I have been using Piwigo for a couple of years (photos.samwilson.id.au), and have been really happy with it. The ability to work with large numbers of photos (uploading lots, and bulk-editing) is what made it a pleasure to use to start with; these are usually the initial tasks one does with this photo-gallery software, and they’re usually where systems are not at their best. Now I’ve got a few thousand photos in it, I’ve gotten the hang of a reasonable workflow, and Piwigo has mostly receeded to the background and just carries on working without issue. I’ve added my albums’ URLs to all sorts of places, including in printed archival descriptions, and feel pretty committed to sticking with Piwigo.

So it was nice to recieve a newsletter from the Piwigo development team, talking about their recent shift of the codebase to GitHub, a new Java desktop synchronisation client, and other things. If one doesn’t actively haunt the forums, it’s hard to remember that Piwigo is still a going concern — but I’m very glad that it is!

Open source software is great, I love using it and contributing to it. But sometimes it goes away. :( Of course, that happens to proprietary apps too, but with FOSS failures I feel sad, because it feels like I’ve personally failed the project (I should’ve been more involved). It’s one of the reasons it’s good to pay for free software. I’m glad Piwigo makes money from their piwigo.com service (well, I assume that’s what keeps the lights on).

Anyway, all I wanted to say was: thanks for Piwigo.

[No comments] [Keywords: , , , , , ] [Permanent link]

Every so often I write this same thing. It’s Monday (any Monday) and so it’s time to write it again.

The solution to very few problems is to write more code. Usually, it is better to write things in English, explaining whatever the thing is.

This is mainly because it takes a good long while to write code, and continues to take time for as long as the codebase exists. This time is better spent actually doing something — code is pretty much always ‘meta’ work, work that supports other work.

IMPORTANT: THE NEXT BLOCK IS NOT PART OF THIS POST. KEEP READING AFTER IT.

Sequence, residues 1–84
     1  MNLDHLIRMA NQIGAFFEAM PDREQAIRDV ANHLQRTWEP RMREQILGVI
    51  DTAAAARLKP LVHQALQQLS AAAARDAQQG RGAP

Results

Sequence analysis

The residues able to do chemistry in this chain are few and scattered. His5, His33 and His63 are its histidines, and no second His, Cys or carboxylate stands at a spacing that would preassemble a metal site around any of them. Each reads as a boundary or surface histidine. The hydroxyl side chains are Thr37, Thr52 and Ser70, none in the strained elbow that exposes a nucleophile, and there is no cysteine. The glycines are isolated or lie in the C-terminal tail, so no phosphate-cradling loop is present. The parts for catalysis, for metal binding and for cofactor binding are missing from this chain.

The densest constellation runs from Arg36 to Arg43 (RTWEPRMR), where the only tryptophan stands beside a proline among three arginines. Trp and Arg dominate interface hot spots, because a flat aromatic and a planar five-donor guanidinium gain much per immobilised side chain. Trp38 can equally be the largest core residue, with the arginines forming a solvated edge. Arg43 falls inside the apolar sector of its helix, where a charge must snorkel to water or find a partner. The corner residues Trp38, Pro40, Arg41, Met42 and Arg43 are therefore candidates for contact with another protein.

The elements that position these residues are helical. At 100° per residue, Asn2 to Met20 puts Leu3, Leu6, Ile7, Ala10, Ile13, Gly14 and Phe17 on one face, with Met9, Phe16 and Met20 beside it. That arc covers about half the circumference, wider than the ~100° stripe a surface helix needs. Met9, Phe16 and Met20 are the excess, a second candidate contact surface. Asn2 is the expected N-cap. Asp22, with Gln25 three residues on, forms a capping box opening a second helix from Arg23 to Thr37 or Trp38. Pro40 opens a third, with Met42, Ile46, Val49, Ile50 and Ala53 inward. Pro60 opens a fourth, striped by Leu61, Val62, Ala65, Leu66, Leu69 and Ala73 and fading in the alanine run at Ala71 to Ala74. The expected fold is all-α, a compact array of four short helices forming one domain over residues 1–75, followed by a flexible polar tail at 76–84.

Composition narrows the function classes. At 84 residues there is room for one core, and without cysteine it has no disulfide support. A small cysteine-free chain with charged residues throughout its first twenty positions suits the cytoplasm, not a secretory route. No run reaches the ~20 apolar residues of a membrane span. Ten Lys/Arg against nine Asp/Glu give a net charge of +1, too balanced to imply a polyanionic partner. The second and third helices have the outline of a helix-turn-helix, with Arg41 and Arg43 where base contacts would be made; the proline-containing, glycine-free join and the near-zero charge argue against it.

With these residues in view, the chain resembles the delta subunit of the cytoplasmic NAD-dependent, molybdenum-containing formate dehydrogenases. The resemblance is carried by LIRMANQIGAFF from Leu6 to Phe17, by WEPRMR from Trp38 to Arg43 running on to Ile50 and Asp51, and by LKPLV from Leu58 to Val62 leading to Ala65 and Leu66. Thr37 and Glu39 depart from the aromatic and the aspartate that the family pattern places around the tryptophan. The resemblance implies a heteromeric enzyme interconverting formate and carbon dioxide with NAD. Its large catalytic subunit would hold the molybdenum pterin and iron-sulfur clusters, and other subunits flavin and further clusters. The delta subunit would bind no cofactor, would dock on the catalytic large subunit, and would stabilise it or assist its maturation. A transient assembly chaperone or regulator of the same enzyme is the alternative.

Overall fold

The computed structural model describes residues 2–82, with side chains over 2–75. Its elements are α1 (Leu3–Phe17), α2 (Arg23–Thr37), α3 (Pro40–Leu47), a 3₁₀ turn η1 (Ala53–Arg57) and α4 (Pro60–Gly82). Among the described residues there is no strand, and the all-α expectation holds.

And don’t go saying that all work is like that, because it’s just not. (Hurrumph.) Working on preserving, describing, and storing all the books of the realm is work that has value in itself; writing the software for doing that is meta-work. I’d rather work on the former.

[No comments] [Keywords: , , , , , ] [Permanent link]

I’ve been working on a system for integrating custom queries and outputs into Tabulate. So far, it’s only been possible to use MySQL views to combine data from different tables, and the output has been just the same as for base tables. I keep wanting to be able to apply custom formatting to columns or to whole tables — the data is fine, it can almost always be derived with a single SQL statement.

Currently, I’m working on a system of ‘reports’, where one can define a template (using Twig) and a set of SQL queries whose data will be given to the template. Pretty simple, really. I thought about (actually, still wonder if it’s not a better way) making it possible to define custom formats/templates for individual columns and column types, but everything that that approach can do can be done with these ‘reports’, plus a whole lot more.